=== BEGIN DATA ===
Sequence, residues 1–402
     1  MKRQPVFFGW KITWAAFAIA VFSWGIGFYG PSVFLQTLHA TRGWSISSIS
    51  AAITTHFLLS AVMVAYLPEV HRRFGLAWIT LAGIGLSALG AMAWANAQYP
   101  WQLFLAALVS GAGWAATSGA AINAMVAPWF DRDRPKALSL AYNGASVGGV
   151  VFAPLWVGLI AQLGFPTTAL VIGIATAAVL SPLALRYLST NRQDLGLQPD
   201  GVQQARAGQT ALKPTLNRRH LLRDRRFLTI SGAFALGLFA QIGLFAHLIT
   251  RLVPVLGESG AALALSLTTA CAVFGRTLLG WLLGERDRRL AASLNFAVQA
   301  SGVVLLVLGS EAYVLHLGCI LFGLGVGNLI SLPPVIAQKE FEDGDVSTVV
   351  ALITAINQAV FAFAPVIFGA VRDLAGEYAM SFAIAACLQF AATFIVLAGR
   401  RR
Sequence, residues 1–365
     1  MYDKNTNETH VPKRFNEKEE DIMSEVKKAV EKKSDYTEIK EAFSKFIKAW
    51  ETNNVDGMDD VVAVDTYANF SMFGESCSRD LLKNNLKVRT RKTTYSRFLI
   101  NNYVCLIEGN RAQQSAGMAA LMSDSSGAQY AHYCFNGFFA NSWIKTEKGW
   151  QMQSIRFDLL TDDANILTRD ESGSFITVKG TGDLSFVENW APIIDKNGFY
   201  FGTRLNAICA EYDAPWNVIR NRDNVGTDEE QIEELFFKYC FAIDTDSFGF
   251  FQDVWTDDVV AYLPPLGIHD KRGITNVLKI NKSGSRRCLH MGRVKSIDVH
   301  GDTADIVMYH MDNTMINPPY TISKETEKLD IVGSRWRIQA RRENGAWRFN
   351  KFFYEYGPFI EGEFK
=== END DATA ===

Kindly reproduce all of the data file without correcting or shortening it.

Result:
Sequence, residues 1–402
     1  MKRQPVFFGW KITWAAFAIA VFSWGIGFYG PSVFLQTLHA TRGWSISSIS
    51  AAITTHFLLS AVMVAYLPEV HRRFGLAWIT LAGIGLSALG AMAWANAQYP
   101  WQLFLAALVS GAGWAATSGA AINAMVAPWF DRDRPKALSL AYNGASVGGV
   151  VFAPLWVGLI AQLGFPTTAL VIGIATAAVL SPLALRYLST NRQDLGLQPD
   201  GVQQARAGQT ALKPTLNRRH LLRDRRFLTI SGAFALGLFA QIGLFAHLIT
   251  RLVPVLGESG AALALSLTTA CAVFGRTLLG WLLGERDRRL AASLNFAVQA
   301  SGVVLLVLGS EAYVLHLGCI LFGLGVGNLI SLPPVIAQKE FEDGDVSTVV
   351  ALITAINQAV FAFAPVIFGA VRDLAGEYAM SFAIAACLQF AATFIVLAGR
   401  RR
Sequence, residues 1–365
     1  MYDKNTNETH VPKRFNEKEE DIMSEVKKAV EKKSDYTEIK EAFSKFIKAW
    51  ETNNVDGMDD VVAVDTYANF SMFGESCSRD LLKNNLKVRT RKTTYSRFLI
   101  NNYVCLIEGN RAQQSAGMAA LMSDSSGAQY AHYCFNGFFA NSWIKTEKGW
   151  QMQSIRFDLL TDDANILTRD ESGSFITVKG TGDLSFVENW APIIDKNGFY
   201  FGTRLNAICA EYDAPWNVIR NRDNVGTDEE QIEELFFKYC FAIDTDSFGF
   251  FQDVWTDDVV AYLPPLGIHD KRGITNVLKI NKSGSRRCLH MGRVKSIDVH
   301  GDTADIVMYH MDNTMINPPY TISKETEKLD IVGSRWRIQA RRENGAWRFN
   351  KFFYEYGPFI EGEFK